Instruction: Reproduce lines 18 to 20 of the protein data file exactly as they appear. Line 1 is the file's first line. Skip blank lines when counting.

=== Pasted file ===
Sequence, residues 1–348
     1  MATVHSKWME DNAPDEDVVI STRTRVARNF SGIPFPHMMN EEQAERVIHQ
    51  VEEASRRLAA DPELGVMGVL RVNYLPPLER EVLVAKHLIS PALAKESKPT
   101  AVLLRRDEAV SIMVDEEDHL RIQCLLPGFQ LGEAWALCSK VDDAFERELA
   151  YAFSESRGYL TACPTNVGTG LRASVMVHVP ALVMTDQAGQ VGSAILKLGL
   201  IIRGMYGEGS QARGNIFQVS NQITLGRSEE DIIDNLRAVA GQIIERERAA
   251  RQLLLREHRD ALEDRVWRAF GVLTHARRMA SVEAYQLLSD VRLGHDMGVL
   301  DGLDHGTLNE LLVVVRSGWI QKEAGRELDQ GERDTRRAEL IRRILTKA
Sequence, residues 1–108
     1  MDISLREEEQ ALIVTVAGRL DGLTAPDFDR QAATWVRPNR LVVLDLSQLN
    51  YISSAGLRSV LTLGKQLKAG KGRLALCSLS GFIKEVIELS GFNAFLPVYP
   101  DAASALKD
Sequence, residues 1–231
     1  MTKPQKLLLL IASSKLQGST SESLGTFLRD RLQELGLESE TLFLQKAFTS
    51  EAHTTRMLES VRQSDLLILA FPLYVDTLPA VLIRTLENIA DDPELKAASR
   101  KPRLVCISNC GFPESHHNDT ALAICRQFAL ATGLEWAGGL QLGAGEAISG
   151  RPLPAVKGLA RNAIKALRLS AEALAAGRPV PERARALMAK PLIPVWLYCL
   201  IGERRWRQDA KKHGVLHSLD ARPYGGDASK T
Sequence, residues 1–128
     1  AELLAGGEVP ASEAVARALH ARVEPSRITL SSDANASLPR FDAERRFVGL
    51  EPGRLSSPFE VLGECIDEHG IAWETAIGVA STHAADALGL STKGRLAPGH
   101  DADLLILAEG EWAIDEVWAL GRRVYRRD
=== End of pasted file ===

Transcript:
   201  IGERRWRQDA KKHGVLHSLD ARPYGGDASK T
Sequence, residues 1–128
     1  AELLAGGEVP ASEAVARALH ARVEPSRITL SSDANASLPR FDAERRFVGL